For the stock and to poach the chicken:
1 pound boneless chicken breast
4 cups chicken broth
1 onion, peeled and quartered
1 celery rib, quartered
1 teaspoon kosher salt

For the filling:
8 oz cream cheese, softened
¼ cup Dukes Mayo
2 green onions, thinly sliced
1 garlic clove, minced

For the Dough:
½ tablespoon olive oil
2 cups all-purpose flour

1 egg
1 tablespoon whole milk
1 cup plain bread crumbs

Poach the chicken: In a large pot, add the chicken in a single layer at the bottom of the pot. Then add the onion, celery and salt. Pour the broth over the top, it should fully cover the chicken and vegetables (If not add more). Bring to a boil on the stove over medium high heat. Reduce heat to medium low and Cover allowing the chicken to simmer for 15-20 minutes. Start checking the chicken after about 10 minutes. It should be opaque in the center and (using a instant read thermometer- it should read 165°F)

Turn off the stove and remove chicken from the pot. (Leave the pot with the liquid on the stove to cool)

Allow chicken to rest for about 10 minutes or else your fingers will be on fire trying to shredded that meat while it's hot. #trustme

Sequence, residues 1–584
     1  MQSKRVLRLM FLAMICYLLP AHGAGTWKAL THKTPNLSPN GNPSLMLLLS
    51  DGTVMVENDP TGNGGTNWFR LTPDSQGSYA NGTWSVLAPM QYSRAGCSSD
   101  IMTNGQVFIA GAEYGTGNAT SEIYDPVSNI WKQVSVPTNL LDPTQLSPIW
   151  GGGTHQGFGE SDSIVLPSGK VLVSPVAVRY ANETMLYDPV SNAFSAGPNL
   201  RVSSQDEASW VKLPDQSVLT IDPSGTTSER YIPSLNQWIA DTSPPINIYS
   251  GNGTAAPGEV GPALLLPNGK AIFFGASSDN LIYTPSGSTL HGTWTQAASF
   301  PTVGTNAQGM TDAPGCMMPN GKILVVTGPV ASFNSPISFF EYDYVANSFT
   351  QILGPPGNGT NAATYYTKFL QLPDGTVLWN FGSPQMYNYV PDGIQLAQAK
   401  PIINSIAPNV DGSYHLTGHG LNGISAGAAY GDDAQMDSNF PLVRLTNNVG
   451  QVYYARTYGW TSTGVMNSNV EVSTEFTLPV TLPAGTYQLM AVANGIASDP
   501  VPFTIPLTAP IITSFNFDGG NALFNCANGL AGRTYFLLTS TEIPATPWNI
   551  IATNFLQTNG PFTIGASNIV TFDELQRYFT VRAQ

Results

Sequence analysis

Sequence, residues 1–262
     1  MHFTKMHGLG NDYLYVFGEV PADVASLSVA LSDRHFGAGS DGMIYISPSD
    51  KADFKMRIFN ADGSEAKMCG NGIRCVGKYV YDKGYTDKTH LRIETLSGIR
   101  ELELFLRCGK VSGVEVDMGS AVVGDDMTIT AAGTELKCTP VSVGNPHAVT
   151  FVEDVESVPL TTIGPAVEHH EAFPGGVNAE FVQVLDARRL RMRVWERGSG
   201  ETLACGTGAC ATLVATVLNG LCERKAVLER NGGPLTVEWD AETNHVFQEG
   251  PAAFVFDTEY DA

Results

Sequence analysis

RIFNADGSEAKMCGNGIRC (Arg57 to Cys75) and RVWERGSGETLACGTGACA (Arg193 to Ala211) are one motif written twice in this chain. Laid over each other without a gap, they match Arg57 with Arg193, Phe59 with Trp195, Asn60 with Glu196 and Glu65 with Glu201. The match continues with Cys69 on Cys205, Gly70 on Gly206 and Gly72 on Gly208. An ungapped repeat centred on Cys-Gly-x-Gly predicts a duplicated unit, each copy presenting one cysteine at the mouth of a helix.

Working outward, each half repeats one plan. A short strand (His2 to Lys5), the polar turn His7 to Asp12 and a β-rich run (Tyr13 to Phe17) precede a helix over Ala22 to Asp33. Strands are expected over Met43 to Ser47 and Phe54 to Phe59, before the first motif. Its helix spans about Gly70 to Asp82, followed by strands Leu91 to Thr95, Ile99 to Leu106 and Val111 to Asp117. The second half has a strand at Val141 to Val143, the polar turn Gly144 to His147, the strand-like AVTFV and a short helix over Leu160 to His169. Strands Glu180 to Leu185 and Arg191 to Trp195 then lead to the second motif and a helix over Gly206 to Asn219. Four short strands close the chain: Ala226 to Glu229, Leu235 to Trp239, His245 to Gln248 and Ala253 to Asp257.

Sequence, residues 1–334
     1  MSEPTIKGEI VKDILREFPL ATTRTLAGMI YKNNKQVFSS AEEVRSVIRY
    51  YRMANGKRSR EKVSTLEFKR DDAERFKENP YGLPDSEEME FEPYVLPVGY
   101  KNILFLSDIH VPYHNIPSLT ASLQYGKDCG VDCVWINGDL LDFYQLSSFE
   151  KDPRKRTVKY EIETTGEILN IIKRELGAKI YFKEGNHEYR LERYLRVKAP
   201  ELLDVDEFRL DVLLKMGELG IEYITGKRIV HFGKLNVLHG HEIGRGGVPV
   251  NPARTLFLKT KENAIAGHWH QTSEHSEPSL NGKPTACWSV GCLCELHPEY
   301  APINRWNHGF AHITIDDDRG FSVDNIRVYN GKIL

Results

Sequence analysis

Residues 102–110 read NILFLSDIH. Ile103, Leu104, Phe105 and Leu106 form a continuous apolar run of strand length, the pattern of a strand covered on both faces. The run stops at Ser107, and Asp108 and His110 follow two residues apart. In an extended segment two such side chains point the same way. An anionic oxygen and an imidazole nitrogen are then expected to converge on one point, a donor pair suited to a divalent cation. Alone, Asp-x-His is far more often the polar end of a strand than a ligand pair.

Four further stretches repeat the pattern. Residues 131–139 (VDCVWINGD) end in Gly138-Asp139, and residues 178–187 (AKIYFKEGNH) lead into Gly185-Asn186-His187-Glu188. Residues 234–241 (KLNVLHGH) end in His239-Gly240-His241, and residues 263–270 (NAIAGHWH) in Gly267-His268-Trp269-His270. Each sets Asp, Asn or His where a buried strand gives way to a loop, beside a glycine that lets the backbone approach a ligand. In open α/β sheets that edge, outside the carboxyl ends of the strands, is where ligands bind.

Chicken will shredded easily with a fork or you can use a knife. Just make sure to cut (or shred) the meat finely so it will mix well in with the other ingredients that go into the filling. It should make about 2 to 2 1/2 cups of shredded meat.

While the liquid is cooling, let's make the filling...

In a large bowl, mix the shredded chicken with cream cheese, dukes mayo, green onions, garlic and salt and pepper to taste. Fold in nicely to well incorporate all the ingredients. Set aside.
*Dukes Mayo is a southern thing, if you're unable to find it in your area, use whatever mayo you have on hand. Just not the abomination that is called Miracle Whip* 

Returning to the poaching liquid on the stove, strain about 1 ½ cups and you can discard the rest or if you're like me save this stock for other use. (I used it for some chicken and dumplings I made the next day)

Return the strained liquid back to the stockpot, add in the 1 tablespoon of olive oil and bring to a boil. Add flour slowly, while whisking vigorously until the dough forms. This only takes a minute so be careful. Remove from the heat and turn the dough out onto a lightly floured surface. Knead by patting out to about a ½ inch then folding over and repeating this process about 3 or four times to smooth out the dough. (Same way I do for biscuits) Roll the dough out to about ¼ inch thick.